When I was little, I thought that Fig Newtons were like a cruel joke. I didn’t get dessert very often, and when cookies were an option, the last variety I was looking for was a Fig Newton, they were almost as bad as Oatmeal Raison Cookies (purely because of the raisins). As you can see, there was a pattern, I was just not fond of dried fruit. In fact, I wasn’t much of a fresh fruit person either. I guess I had to counter balance the lack of sweets in my life – if I didn’t get non-healthy sweets, I wasn’t about to eat the healthy ones either.
As an adult, some things have changed. I still don’t like raisins in my cookies – but figs are almost like a delicacy. I remember the first time I had some fig jam with cheese – it was a remarkable combination. I just couldn’t believe how perfect the cheese went with the figs (but that was before I tried the truffled honey…talk about out of this world), I was actually starting to like figs. I even remember trying a Fig Newton as an adult – and wow, I loved it. Of course this was after the cheese incident, which made me appreciate figs in a whole new way.
I saw a recipe in Food in Jars for Fig Jam, and I couldn’t wait to give it a try. I waited for the figs to go on sale at Whole Foods, and I bought a whole bunch. They made the most wonderful jam – I was eating it with a spoon. The next weekend, I saw my neighbor post something about his fig tree – I couldn’t believe it, more figs!!! So, what does that mean? More jam – yes, I know I have a problem, and you haven’t even seen my pantry. My next project? Turning that jam into Newtons…boy does life come full circle.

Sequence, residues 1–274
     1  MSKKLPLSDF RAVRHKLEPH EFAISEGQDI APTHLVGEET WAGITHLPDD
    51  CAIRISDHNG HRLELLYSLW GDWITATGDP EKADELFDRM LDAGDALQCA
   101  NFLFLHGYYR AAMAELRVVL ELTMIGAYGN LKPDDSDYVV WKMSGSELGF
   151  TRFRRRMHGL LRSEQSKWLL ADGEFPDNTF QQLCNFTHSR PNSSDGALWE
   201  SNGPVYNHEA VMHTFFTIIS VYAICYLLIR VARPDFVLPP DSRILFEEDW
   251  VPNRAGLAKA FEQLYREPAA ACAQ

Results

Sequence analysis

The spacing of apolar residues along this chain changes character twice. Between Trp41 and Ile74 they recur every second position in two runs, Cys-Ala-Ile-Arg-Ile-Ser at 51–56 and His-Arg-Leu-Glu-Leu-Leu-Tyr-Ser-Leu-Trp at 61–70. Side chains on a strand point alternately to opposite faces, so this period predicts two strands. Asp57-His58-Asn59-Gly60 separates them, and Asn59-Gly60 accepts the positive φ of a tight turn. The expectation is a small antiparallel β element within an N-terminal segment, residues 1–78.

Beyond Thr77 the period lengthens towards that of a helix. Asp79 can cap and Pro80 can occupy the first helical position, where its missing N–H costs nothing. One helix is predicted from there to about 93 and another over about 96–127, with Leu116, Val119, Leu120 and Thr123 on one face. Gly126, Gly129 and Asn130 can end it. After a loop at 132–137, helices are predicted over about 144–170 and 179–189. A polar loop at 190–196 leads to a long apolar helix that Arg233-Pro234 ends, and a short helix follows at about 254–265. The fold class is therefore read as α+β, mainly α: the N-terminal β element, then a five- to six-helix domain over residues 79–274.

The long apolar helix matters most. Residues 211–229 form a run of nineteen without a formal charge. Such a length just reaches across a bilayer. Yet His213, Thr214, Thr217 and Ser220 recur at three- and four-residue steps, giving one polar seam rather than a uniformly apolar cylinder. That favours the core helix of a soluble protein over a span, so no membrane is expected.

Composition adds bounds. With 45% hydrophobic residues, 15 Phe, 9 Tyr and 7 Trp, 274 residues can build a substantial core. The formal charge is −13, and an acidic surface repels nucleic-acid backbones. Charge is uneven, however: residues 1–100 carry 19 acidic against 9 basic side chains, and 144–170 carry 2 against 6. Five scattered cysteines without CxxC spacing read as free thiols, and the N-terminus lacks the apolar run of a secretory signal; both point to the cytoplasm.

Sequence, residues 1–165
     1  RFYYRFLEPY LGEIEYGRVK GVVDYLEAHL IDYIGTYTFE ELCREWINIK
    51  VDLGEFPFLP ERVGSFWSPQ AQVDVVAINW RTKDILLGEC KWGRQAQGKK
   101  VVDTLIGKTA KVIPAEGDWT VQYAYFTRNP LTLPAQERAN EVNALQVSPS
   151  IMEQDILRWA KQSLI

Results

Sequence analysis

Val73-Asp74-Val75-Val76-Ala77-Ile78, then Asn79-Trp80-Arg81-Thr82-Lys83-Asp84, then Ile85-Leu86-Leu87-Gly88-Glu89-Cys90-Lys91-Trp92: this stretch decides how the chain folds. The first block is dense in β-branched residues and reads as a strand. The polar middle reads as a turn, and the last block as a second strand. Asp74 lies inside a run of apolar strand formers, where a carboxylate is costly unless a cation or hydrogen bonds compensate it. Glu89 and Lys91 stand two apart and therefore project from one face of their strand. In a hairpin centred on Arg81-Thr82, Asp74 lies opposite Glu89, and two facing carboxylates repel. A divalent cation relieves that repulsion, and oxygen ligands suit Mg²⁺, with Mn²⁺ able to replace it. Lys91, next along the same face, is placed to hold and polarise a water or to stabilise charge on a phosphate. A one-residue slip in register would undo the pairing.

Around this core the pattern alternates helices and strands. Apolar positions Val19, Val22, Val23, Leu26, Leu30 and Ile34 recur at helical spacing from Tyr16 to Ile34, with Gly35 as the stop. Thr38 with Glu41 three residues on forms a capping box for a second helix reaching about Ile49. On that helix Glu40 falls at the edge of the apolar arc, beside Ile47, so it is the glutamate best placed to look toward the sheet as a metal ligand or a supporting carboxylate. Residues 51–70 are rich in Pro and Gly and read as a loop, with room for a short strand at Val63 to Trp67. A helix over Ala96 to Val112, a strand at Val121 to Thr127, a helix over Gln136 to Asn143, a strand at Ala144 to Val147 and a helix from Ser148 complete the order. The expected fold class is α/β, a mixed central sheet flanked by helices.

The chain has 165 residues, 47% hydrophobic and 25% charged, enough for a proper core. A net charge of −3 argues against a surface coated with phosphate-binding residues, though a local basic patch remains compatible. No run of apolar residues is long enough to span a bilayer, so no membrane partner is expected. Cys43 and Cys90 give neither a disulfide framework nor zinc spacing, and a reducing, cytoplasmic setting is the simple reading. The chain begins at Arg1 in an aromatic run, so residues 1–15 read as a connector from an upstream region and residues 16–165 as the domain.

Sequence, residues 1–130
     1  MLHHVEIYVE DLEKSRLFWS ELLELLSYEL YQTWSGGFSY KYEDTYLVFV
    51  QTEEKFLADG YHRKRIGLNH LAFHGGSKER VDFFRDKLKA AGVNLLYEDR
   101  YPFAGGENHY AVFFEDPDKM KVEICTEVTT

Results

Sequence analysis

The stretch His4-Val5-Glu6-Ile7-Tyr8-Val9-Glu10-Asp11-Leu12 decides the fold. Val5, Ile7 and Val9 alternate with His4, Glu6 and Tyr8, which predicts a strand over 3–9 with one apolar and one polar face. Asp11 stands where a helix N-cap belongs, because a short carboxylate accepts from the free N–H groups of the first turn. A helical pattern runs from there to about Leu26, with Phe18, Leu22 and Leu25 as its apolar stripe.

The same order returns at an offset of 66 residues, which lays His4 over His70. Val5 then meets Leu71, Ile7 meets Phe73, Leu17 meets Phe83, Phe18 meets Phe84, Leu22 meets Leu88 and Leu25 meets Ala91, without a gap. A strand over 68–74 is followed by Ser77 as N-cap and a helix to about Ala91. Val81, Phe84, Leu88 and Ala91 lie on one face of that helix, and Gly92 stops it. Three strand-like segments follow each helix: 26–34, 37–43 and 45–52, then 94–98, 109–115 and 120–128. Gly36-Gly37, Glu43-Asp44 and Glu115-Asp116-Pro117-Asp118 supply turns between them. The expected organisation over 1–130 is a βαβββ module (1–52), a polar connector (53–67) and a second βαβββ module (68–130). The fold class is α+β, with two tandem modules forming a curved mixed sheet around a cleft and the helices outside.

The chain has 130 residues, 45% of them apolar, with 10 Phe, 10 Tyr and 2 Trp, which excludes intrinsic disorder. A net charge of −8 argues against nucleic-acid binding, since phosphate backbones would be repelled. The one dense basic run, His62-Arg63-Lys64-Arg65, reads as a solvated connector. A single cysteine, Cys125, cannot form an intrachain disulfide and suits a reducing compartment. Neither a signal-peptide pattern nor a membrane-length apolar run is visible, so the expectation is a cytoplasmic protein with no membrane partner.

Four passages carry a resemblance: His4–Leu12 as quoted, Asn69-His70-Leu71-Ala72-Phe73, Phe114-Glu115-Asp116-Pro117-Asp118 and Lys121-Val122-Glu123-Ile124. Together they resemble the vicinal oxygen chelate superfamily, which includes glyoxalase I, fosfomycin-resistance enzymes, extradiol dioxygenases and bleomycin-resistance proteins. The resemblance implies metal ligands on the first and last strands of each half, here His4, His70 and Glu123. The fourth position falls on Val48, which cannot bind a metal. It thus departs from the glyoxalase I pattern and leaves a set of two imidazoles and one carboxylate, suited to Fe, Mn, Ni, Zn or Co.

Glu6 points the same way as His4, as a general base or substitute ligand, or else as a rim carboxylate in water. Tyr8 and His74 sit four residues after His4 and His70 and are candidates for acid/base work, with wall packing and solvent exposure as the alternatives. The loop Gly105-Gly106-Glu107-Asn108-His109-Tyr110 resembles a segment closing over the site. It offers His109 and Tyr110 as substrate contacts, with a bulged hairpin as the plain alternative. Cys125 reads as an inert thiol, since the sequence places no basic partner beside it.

- 6 cups coarsely chopped fresh figs (about 3 pounds)
- 4 cups granulated sugar
- juice of 2 lemons
- 1 3-ounce packet of liquid pectin
Prepare a boiling water bath and 3 half-pint jars. Place the lids in a small saucepan, cover them with water, and simmer over very low heat.
Combine the figs and sugar in a large pot and stir well to help the sugar pull the juice from the figs. When the mixture starts to look juicy, place the pot over high heat and bring to an active simmer. Cook for approximately 20 minutes, stirring regularly, until the figs have started to break down and the liquid starts to look syrupy. At this point you can choose to have chunky jam, or use an immersion blender to make it smoother.
Add the lemon juice and liquid pectin and return the figs to an active boil for 5 minutes.
Remove the pot from the heat and ladle the jam into the prepared jars. Wipe the rims, and apply the lids and rings, then process in a boiling water bath for 10 minutes.
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